Before using cooling equipment, it's important to try and avoid excess heating, for example from sunlight, equipment, lighting and refrigeration. Sunlight is the easiest to control as you can adjust blinds to redirect the sunlight towards the ceiling or walls. If your window hasn't got a blind, or special heat reflective film or glass, let those responsible know. If you play a role in procurement, consider the energy efficiency of the products you are buying as the more efficient the product is, the less it will cost you in the long run.
Don't open windows whilst the heating is on
If you are too hot and the heating system is on, it may be that the thermostat is set too high. If you immediately open a window to cool yourself down, it will cause the heating system to work harder to maintain the temperature the thermostat is set to. This will use more energy and cost more money. Instead, let the person responsible know so that they can turn down the heating system. It may also be worth reminding this person of the recommended thermostat settings. In the UK, it is recommended that thermostat settings are in accordance with the Chartered Institute of Building Services Engineers (CIBSE) guidance:
- Heavy activity: 11 - 14 °C
- Light activity: 16 - 19 °C
- Sedentary: 19 - 21 °C
- Offices: 21 - 23 °C
Setting the thermostat just 1°C lower can reduce heating costs by about 8%. When cooling, setting the air conditioning level to 1°C higher saves 2-4%.
Natural cooling and ventilation
Before asking for the air con to be turned on, ask whether you can open windows on opposite sides of the building to allow natural ventilation to cool down the internal temperature. This free cooling of the building reduces energy consumption, leading to significant cost savings.
Why to dress appropriately
As you've read above, excessive heating and cooling significantly increases energy costs. Therefore, if you do not dress appropriately, energy consumption will need to be increased just to make you comfortable. Dressing appropriately will ensure there isn't any excessive energy consumption.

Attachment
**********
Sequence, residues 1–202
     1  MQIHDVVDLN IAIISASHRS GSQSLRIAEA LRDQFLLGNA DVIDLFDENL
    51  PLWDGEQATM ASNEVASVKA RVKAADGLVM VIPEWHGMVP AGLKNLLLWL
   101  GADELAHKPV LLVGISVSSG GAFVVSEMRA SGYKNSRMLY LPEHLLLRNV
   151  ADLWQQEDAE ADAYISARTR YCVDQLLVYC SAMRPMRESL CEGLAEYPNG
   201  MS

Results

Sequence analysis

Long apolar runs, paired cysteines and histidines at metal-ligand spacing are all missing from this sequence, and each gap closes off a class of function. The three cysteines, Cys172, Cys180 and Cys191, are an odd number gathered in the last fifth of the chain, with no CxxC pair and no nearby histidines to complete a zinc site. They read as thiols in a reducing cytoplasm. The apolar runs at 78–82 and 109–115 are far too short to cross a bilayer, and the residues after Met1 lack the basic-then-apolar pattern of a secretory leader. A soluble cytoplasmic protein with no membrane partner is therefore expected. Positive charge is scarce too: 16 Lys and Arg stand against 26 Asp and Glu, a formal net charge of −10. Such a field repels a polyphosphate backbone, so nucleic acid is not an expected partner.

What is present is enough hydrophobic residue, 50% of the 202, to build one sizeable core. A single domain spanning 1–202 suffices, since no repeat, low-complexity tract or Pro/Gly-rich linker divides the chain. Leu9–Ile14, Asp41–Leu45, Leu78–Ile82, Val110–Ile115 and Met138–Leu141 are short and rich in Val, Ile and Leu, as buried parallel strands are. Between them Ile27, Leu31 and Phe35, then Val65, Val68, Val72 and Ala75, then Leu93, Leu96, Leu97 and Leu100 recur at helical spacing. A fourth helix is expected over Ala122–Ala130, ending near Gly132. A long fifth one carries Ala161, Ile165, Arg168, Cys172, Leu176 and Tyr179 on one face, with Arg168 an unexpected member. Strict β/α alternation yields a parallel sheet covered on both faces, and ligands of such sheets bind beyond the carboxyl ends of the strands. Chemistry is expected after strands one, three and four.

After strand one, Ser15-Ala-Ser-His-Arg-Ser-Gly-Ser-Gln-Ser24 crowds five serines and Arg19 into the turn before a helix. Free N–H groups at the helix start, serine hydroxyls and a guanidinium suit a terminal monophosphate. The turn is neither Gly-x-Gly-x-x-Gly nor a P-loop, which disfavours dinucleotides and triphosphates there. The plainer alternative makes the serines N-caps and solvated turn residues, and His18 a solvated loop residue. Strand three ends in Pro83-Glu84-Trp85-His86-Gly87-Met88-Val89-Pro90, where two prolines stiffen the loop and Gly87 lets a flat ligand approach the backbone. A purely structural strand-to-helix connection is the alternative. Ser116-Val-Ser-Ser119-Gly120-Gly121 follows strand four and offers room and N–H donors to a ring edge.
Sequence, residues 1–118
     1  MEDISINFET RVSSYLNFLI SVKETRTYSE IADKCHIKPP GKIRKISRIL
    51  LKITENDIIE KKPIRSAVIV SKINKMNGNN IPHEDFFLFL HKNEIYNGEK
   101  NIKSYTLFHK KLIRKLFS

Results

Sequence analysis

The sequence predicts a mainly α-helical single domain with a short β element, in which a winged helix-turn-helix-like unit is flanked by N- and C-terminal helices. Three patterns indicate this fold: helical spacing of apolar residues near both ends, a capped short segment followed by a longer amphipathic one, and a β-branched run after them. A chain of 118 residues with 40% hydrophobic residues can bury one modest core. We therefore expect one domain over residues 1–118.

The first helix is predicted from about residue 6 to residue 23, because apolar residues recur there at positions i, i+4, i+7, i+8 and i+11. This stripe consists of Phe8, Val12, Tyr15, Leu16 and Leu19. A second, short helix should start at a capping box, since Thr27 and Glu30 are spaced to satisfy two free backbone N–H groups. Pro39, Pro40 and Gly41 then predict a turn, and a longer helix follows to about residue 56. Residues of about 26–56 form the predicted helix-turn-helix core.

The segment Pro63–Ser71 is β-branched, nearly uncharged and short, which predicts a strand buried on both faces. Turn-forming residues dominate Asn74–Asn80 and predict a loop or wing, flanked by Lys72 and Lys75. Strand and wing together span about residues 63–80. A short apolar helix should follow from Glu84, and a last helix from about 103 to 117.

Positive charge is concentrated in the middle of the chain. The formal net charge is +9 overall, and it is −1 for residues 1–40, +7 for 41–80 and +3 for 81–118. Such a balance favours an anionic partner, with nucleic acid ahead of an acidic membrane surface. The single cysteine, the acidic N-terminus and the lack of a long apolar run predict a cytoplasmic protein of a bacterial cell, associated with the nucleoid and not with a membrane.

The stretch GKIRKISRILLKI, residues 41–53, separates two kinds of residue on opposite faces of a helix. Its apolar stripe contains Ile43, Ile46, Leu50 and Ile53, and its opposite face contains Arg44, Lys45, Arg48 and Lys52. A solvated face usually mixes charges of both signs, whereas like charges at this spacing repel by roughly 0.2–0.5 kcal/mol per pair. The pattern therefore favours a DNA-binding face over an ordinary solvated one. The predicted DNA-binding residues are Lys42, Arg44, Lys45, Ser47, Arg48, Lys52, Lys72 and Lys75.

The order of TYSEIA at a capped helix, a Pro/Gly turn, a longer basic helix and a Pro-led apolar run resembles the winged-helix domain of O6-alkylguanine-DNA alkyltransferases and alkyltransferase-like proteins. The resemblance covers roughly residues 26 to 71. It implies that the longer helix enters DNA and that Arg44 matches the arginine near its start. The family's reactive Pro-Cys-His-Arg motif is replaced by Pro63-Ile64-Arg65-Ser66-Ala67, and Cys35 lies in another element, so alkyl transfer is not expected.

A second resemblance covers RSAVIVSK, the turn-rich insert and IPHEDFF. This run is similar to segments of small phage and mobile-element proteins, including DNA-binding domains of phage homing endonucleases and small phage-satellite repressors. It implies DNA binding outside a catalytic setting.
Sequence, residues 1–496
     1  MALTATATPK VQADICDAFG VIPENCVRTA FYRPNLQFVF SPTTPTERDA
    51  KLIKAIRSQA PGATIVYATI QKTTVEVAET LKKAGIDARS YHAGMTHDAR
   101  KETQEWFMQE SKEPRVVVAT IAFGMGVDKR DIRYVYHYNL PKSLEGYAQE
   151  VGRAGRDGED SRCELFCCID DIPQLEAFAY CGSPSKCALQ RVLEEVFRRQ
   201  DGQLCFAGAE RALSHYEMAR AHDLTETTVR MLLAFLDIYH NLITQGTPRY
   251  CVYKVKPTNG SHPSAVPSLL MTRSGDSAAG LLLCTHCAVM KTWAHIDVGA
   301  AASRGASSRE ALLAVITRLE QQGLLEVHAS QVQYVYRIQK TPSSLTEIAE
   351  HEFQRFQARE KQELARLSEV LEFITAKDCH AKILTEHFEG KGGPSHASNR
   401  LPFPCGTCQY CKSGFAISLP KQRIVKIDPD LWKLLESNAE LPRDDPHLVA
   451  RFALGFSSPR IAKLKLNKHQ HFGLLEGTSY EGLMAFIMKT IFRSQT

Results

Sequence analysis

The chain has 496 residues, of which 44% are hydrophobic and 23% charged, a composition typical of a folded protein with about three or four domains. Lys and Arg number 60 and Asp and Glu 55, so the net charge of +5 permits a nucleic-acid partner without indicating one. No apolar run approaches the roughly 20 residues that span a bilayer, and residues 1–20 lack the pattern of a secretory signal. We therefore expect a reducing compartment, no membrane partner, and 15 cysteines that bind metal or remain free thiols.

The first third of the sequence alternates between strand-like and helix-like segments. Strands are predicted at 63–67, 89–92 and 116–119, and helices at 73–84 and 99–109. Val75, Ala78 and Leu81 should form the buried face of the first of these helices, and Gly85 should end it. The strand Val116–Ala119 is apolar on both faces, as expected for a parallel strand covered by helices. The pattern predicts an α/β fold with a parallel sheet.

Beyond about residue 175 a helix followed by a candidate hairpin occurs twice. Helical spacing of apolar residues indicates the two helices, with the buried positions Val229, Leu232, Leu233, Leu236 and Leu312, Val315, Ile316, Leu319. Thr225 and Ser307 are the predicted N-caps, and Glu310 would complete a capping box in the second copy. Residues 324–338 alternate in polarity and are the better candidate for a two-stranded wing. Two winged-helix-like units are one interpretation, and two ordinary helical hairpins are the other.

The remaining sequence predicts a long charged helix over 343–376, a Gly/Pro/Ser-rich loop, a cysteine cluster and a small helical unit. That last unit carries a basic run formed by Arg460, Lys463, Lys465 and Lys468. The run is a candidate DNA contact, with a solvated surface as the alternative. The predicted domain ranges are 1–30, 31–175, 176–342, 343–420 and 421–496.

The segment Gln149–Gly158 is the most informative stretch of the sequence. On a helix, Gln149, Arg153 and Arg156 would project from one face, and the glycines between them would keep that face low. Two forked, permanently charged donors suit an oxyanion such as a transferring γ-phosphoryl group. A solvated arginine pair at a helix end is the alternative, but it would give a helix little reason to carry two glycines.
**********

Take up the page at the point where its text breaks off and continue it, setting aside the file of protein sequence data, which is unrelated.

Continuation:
HVAC systems can be automatically controlled. They can be set on a timer to control when they turn on and off, and they are also programmed to maintain a certain temperature. Contact the responsible personnel to ensure that time controls are only set for the required times.
If the thermostat is adjusted, for example by increasing the temperature at which the cooling system turns on, you probably won't be aware of how to adjust the heating system accordingly. This could result in simultaneous heating and cooling. A 'dead band' needs to be set of approx. 4 - 5°C which ensures that neither the heating and cooling is operating between given temperatures. The diagram below shows a dead band of 5°C from 19°C - 24°C
If you notice that the HVAC systems are coming on at the wrong times, or are set to the incorrect temperatures, notify the person that is responsible.
Diagram of 'dead band' control indicating recommended temperatures
If you are always cold, but the heating system is set up correctly, it is a sign that there is a problem with the system or building fabric. Ask the person responsible for heating and cooling if the air conditioning flow rates can be reduced - these are often set too high, which causes a draught for staff sitting nearby.
If it is not possible to fix, it is worth asking whether there is any local control of the heating system in your part of the office (for example thermostatic radiator valves).
The problem with portable heaters is that they can affect the general temperature control of the space you are trying to heat or cool. These devices are also often a health and safety hazard and should never be left in unoccupied areas or plugged into an extension lead.
Be mindful that portable heaters in the workplace will be subject to PAT testing.